21 November 2015

Ephesians 3:1-13

“The Gentiles have become fellow heirs, members of the same body, and sharers in the promise in Christ Jesus through the gospel.’ (v. 6)

Psalm: Psalm 131


The personal interjection in this chapter can be seen lending force to an argument for the Pauline authorship of Ephesians. He certainly spent time in prison on numerous occasions. However it is still possible to argue that another wrote the letter in the tradition of Paul, using his name to give credence to the message. The recipients of the letter would know about Paul's various imprisonments and chapter 3 does not speak in detail about the circumstances of this particular time in prison.

It is significant that in verse 1 the writer says that he is a prisoner "for Christ Jesus". Imprisonment is seen not as victimisation by the authorities but as a result of Christian discipleship, particularly because of the support of Gentile Christians. The writer goes on to refer to the revelation of a mystery, previously hinted at in Ephesians 1:9. This mystery, revealed by the Spirit is the place of the Gentiles in the Church, as the body of Christ. This is the central theme of this passage, which continues through verses 8-13. If we argue that Paul is not the writer, then verse 8 could express the writer's sense of being unworthy to follow in the footsteps of Paul, still less to assume his voice at this point in the letter. What we need to hold on to, however, is the sense that the unity of all people and the creation of a new humanity in Christ is God's eternal plan.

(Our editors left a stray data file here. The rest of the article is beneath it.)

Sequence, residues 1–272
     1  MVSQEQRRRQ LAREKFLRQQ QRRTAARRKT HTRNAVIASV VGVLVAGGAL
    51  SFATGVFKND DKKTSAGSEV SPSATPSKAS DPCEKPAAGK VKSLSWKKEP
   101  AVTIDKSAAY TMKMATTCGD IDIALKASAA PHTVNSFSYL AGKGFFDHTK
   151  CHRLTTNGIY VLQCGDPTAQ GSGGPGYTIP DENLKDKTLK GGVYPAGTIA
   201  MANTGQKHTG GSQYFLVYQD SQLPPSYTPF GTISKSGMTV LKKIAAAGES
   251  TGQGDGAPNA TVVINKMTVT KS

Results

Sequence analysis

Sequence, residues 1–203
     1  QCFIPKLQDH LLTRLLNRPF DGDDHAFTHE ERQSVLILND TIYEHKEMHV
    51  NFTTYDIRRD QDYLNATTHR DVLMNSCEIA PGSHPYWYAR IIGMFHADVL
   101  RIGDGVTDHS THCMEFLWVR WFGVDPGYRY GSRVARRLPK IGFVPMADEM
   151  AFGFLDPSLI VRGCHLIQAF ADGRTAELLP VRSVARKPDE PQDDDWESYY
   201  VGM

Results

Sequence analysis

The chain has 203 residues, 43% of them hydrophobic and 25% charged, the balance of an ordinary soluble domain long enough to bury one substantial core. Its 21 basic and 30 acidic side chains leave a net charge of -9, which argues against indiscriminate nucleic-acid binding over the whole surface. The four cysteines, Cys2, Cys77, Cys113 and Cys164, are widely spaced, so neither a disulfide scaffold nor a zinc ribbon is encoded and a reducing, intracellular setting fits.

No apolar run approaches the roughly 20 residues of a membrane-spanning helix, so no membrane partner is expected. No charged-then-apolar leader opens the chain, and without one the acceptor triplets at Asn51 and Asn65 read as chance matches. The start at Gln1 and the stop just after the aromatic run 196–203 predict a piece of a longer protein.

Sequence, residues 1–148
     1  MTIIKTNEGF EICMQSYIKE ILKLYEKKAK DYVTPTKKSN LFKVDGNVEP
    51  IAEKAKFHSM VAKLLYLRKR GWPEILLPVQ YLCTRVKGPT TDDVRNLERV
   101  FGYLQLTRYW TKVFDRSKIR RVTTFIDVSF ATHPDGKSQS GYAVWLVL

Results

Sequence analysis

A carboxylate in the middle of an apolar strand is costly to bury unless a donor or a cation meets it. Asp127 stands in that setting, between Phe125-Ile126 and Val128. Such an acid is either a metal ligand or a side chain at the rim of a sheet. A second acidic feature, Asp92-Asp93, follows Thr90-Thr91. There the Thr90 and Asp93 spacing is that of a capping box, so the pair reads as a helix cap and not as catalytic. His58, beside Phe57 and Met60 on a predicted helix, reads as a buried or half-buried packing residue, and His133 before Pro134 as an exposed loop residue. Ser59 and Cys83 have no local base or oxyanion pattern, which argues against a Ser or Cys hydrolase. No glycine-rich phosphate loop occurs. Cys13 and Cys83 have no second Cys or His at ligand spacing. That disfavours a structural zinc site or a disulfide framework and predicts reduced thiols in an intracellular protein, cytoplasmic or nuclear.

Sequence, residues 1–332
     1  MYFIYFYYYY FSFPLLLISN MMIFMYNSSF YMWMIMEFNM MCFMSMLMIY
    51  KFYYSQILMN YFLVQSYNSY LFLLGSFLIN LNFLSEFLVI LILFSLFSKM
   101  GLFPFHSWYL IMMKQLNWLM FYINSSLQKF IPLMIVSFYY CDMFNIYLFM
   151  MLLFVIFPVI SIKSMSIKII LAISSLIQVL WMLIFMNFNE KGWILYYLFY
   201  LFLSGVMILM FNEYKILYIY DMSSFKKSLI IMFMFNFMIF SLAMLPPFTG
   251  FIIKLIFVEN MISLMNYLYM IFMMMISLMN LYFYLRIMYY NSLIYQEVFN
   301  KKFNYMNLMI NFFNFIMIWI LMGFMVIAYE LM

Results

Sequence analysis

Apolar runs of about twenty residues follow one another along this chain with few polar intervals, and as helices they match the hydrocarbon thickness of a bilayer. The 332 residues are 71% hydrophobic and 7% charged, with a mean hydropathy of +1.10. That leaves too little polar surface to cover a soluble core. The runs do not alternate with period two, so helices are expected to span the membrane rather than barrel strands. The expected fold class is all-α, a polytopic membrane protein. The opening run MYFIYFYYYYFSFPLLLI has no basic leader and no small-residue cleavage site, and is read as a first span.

Part of that plan is that the Church is to express the wisdom of God. Quite how the Church on earth is to address the "rulers and authorities in the heavenly places" (v. 10) is by no means clear. Perhaps the writer is getting carried away with their sense of the value of the Church. Verse 12 affirms something which the Gentile Christians needed to hear - that through faith in Christ there is direct access to God. The ancient barriers are down, and this was God's plan from the beginning.

To Ponder

  • How can the Church today influence the life of the world?
  • In the light of the complexity of contemporary life, how do you maintain "boldness and confidence" (v. 12) in faith?

Bible notes author

The Revd Richard Bielby

Richard is a supernumerary Methodist presbyter in Stockton on Tees. He is a part-time prison chaplain and also serves as a voluntary chaplain at Durham Cathedral.